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Critical Mass: 'Love is Strange' might be the best movie in theaters this Labor Day weekend

With a lackluster collection of films opening wide in multiplexes this holiday weekend, it’s time to herald an indie gem. Love is Strange debuted at Sundance in January, and opened to the top per-screen average in select theaters last weekend. It expands slightly today, and critics seem to be near-unanimous that it’s worth seeking out.

Directed by Ira Sachs, the film tells the story of George (Alfred Molina) and Ben (John Lithgow), a gay New York City couple who officially tie the knot after 39 years together. But once their relationship is made legal, George is fired by the Catholic school where he teaches music. Since Ben is a painter with little income, the couple can no longer afford their apartment, and they’re forced to split up and crash with friends and family while they sort things out. George moves downstairs, where he endures life with two boisterous gay cops (Cheyenne Jackson and Manny Perez). Ben gets a bunk at his nephew’s house in Brooklyn, where he can’t help but disrupt the lives of his nephew’s wife (Marisa Tomei) and her household.

Though the film is about a gay couple, it’s not a film with a political agenda. “Sachs takes an impeccably balanced approach to the film,” writes EW’s Joe McGovern. “It’s neither an advertisement for same-sex marriage nor a scold against the Catholic Church. In one scene, George reads a letter he had sent to his students’ parents; his voice-over is matched to a graceful montage of daily life within the school as he says, ‘Life has its obstacles, but I’ve learned early on that they will always be lessened if faced with honesty.’ That’s as close to sermonizing as Sachs gets.”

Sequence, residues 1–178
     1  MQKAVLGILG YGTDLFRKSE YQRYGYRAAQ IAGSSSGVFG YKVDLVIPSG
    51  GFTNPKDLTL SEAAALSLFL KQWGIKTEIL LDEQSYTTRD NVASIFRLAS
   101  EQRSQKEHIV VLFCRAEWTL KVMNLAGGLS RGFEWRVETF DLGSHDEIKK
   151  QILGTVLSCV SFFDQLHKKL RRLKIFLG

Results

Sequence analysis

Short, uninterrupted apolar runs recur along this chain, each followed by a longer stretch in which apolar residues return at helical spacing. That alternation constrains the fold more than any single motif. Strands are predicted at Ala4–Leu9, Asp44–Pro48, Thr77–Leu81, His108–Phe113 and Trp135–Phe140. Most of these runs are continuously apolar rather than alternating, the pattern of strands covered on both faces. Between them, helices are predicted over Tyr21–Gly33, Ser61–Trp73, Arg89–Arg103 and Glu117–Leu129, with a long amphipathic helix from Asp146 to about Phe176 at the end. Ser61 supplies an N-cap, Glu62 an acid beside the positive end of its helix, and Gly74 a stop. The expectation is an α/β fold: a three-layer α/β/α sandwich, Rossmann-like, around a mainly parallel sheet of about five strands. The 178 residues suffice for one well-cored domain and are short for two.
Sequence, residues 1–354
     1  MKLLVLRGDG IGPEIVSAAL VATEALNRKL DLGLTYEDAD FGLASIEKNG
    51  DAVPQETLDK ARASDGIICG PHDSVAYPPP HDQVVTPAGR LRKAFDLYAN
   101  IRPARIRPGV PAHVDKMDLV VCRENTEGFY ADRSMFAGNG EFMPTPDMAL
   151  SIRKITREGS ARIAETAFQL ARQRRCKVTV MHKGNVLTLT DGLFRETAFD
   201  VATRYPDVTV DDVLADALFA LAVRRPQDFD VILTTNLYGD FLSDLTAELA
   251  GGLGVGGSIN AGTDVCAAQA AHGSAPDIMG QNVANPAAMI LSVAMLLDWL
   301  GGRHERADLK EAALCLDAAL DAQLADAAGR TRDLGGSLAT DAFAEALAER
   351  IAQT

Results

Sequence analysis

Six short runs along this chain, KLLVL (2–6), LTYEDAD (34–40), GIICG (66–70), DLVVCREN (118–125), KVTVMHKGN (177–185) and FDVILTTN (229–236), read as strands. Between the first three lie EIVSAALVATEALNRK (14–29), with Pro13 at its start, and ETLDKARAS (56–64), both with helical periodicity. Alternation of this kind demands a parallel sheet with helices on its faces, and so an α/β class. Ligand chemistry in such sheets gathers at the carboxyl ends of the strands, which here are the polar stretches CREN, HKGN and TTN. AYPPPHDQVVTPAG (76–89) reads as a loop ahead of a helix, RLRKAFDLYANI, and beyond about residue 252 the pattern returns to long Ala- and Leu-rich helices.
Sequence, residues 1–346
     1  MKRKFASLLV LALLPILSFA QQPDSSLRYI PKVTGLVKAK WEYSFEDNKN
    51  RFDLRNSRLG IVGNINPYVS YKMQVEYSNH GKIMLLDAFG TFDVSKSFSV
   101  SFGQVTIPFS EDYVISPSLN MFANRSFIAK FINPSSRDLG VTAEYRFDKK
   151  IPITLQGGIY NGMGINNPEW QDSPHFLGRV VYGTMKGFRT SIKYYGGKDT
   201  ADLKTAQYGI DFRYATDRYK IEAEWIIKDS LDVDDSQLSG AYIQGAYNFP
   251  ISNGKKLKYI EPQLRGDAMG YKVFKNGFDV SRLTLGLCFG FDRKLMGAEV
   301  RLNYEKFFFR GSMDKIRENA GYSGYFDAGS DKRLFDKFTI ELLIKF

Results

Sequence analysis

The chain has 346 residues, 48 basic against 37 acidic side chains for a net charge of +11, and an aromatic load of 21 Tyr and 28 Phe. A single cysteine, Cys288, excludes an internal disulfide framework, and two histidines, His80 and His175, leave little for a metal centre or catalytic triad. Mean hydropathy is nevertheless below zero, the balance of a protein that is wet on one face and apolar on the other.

Read more from EW’s review, as well as a roundup of other notable critics, below. And be ready for Love is Strange when it comes to your neck of the woods.   READ FULL STORY

Sundance 2014: With tons of movies sold, the lack of a mega deal was no big deal

I can testify that when you go to a film festival, and someone inquires about how the movies were that year, the answer you end up giving — “Really terrific!” “Lousy!” “They were okay!” — is often dictated by exactly one movie. If you saw something that totally knocked you out, the sort of film that you think is going to get major play in the real world, and you’re already dusting off a place on your 10 Best list for it, then that one movie can determine your entire perception of the festival. That’s what happened to me last year at Sundance when I saw Fruitvale (they hadn’t added the Station yet). The fact that you’ve witnessed a certified home run makes the festival feel to you, in hindsight, like…well, a baseball game in which your team hit a home run. It’s more than a good movie; it’s why you came — to see an unheralded filmmaker knock one out of the park. A single movie that rocks your world can define, year in and year out, the Sundance experience — the reason that a festival like this one exists. Some of the films I’ve seen at Sundance that have had that effect include Crumb (1995), Welcome to the Dollhouse (1995), I Shot Andy Warhol (1996), Buffalo 66 (1998), The Blair Witch Project (1999), Chuck & Buck (2000), Wet Hot American Summer (2001), American Splendor (2003), Capturing the Friedmans (2003), Thirteen (2003), Hustle & Flow (2005), Precious (2009), and Fruitvale (2013). READ FULL STORY

'Love is Strange' and 'Frank' both get post-Sundance deals

After premiering at the 2014 Sundance Film Festival, two films have been acquired for theatrical release.